Because the beaver isn't just an animal; it's an ecosystem!

The Martinez Beavers

What’s Wrong With Bakersfield?

Share the beaver gospel!


Banging Head on Computer Keyboard, Street sign style gif

I give up.

In 2007 the city of Bakersfield was upset about beavers felling trees on a bike path. The city was determined to exterminate, then residents and the media (including CNN) and even the OSU beavers got involved and they relented. It was roughly the same time as our Martinez drama so I was very interested in the story and the parallel.

In 2008 I read an article about a problem of beavers felling trees on a bike path in Bakersfield. I wrote  the mayor and the city engineer about solutions. I sent them a copy of the recently finished beaver subcommittee report. I gave them Mark Ross’s contact info and my home phone number. I contacted the media and had a letter printed in the local paper outlining solutions and the price of non-solutions. The editor of the paper responded to my letter word for word in his editorial.

In 2009 I read an article about beavers felling trees on a bike path in Bakersfield. This time I wrote the department of public works, the parks department, the mayor and city council, the city manager,  and the paper. I sent them instructions for sand painting trees and showed them photos of how we had done it in Martinez. I connected with a resident who was interested in helping them do it.

The media filmed them ‘wrapping trees’ like this.


In 2010 I read an article about beavers felling trees on a bike path in Bakersfield. I was so stunned and furious I wrote them sarcastically asking if they were going to try wrapping the trees with ‘saran wrap and hello kitty‘ dolls next.

In 2011 I don’t thing I even bothered to write.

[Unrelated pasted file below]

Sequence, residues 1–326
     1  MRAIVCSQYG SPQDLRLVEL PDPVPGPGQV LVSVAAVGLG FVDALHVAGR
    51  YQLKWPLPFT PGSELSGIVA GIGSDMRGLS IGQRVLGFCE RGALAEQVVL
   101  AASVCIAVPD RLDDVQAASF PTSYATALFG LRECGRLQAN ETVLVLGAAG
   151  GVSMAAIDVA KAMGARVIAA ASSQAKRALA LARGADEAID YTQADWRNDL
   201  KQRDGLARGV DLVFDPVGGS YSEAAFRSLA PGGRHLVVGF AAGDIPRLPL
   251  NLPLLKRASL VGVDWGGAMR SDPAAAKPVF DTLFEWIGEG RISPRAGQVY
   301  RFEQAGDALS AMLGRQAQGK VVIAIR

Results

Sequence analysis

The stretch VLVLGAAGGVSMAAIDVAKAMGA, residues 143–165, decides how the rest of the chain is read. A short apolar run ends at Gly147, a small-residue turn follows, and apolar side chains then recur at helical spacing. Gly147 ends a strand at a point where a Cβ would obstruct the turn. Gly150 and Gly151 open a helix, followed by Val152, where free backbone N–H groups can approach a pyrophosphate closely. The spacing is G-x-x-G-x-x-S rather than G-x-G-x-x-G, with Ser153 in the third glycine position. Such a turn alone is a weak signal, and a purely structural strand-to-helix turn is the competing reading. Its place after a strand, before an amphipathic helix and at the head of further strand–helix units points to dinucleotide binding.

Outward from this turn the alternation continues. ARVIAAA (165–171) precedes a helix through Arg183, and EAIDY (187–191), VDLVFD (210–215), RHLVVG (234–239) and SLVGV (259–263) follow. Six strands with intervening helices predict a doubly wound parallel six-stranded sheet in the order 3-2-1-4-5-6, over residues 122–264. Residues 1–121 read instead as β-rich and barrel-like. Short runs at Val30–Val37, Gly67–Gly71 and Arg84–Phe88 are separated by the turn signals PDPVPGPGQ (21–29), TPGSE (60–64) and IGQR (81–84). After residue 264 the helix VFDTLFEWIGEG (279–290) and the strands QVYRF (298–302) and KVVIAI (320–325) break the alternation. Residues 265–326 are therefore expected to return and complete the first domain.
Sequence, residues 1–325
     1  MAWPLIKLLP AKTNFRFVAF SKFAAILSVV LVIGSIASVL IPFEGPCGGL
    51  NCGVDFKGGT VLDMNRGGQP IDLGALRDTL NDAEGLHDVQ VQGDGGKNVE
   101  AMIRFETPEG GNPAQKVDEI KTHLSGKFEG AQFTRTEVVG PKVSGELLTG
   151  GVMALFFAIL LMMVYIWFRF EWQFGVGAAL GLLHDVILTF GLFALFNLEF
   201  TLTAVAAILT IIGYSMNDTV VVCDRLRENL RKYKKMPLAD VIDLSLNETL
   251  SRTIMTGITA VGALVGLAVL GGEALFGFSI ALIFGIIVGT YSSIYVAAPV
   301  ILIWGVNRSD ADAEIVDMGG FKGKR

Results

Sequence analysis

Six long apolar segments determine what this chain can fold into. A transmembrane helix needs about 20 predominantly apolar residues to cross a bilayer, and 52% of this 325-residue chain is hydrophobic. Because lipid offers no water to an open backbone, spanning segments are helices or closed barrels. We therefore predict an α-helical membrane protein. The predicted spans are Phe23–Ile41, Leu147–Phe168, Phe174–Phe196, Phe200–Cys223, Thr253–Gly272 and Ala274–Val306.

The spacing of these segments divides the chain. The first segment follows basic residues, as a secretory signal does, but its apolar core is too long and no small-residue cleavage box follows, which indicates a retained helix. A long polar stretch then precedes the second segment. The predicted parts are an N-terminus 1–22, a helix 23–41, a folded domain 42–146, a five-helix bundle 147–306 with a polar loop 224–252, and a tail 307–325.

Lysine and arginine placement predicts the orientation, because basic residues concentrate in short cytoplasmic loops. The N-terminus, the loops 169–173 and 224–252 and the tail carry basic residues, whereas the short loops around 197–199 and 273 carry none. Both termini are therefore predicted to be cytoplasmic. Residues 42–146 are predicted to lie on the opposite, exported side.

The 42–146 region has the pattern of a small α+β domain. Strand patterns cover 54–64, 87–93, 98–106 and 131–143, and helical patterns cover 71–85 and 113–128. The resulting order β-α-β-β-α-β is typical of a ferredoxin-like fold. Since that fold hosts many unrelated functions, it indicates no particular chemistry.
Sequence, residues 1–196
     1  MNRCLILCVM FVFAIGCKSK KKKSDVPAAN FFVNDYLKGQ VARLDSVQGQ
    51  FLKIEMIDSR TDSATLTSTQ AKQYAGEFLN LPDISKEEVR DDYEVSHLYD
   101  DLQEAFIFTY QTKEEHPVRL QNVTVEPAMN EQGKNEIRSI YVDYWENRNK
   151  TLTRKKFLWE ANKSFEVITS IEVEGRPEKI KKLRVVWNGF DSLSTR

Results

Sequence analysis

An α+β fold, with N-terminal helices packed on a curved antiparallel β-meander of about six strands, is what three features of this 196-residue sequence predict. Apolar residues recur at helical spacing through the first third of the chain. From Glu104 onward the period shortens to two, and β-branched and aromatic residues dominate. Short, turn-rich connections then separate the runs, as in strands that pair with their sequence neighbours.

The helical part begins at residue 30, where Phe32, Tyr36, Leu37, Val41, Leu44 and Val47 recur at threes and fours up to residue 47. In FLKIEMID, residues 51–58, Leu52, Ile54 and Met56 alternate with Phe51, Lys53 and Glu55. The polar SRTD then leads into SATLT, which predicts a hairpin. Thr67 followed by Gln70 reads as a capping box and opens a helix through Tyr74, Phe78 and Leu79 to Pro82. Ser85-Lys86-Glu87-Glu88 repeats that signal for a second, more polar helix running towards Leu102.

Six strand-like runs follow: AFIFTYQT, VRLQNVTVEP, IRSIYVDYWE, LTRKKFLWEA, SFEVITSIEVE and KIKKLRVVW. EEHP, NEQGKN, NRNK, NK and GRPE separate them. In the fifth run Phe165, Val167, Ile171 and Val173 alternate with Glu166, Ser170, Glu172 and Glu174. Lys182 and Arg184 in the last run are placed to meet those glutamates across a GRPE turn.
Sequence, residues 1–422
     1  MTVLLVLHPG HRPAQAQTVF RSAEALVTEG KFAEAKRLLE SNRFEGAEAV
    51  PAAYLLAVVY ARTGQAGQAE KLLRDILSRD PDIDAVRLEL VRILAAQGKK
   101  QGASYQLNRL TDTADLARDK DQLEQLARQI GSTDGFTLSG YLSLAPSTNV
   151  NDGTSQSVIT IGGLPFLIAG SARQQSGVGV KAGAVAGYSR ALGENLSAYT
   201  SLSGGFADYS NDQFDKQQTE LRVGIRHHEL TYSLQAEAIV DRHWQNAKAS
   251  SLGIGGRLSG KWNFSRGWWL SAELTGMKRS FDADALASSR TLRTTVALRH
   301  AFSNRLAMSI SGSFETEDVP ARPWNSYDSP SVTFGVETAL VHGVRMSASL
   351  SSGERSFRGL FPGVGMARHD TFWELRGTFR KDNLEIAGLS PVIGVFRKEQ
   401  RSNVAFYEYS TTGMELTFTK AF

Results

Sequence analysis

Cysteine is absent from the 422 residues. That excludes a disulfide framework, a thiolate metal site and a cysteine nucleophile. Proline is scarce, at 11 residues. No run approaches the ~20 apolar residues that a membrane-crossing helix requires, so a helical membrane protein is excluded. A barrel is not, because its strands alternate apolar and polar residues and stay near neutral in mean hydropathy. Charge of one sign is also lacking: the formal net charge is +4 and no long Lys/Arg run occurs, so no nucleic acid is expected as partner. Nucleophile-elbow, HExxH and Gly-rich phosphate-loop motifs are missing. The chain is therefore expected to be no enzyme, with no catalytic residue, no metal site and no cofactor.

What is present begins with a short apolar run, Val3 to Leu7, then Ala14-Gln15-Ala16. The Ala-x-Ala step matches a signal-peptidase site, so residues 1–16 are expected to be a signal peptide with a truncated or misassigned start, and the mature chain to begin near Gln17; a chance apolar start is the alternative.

Now it’s 2012. A new year with new possibilities. Beaver understanding has grown by leaps and bounds all across the state and across the entire country. Beaver benefits were discussed in National Geographic, the Discovery Channel, the Globe and Mail, National Public Radio and the Wall Street Journal. And guess what Monday’s headline was at

Tree-hungry bike path beaver up to old tricks

The bike path beaver has struck again.

Of course, it’s doubtful the beaver (or beavers) that recently felled eight city trees by Truxtun Lake is the same that earned notoriety and a price on its head in 2007 with the ruin it caused. Nevertheless, the alleged hooligan has damaged about a dozen trees along the bike path by the lake, between Mohawk Street and Coffee Road, and the city has had to remove eight of those.

Oh good Lord. You’re kidding me, right? Not again! What is the matter with you, Bakersfield? Paying city staff  with taxpayer dollars to dig out stumps that would quite happily sit in the soil and prevent erosion and coppice for you! Removing dead trees so that no woodducks or obligate nesters move in! Clearly you are robustly immune to information of any kind.  Well, at least you have involved an arborist this time. Race Slayton. Maybe he’ll know what to do.

This time, Slayton said, the plan is to protect the remaining trees and wait for the beaver to move on. City crews have wrapped almost all the remaining trees in orange construction fencing, which has worked in the past to deter beavers. Eventually that will cause this beaver to move on, Slayton said. “It’s very unsightly. That’s the bad part,” he said of the orange fencing. “But it does help — it works.”

I tend to be a very tenacious (some might stay stubborn) woman. I don’t admit defeat easily and hardly ever manage to talk myself into giving up. But Bakersfield has beaten me. Let’s face it. I failed. An arguably charmless sprawling community that once was home to the Yokut tribe on a watery island of reed huts and now just sucks our moisture from the north, has triumphed over my once indomitable spirit. Bakersfield, you win. I humbly admit defeat.

Your determination to be ignorant eclipses even my capacity to teach.

For those of us who know better, and who can manage and enjoy our local beaver population, I will say that Jon repainted our own trees with sand on Thursday, during which time he spotted a new species of a pied billed grebe and i would strongly suggest that if you haven’t seen the new curving secondary dam you really should go check it out. Reed’s obviously got a new plan in mind and its a doozy.

Sad to give up on an entire city, but what can you do? Somethings just aren’t worth pursuing. Sigh. You know who just moved out that way? Scott Artis our burrowing owl friend who restored the website and helped us with the beaver festivals.  He was so bitten by the conservation bug that he left the medical tech field and retrained to become a development director for the Sequoia Riverlands Trust. Hmm. He must be developing all kinds of contacts in the area, maybe even some who care about beavers.  I guess it can’t hurt to try ONE more time.

Maybe I’ll just drop him a note…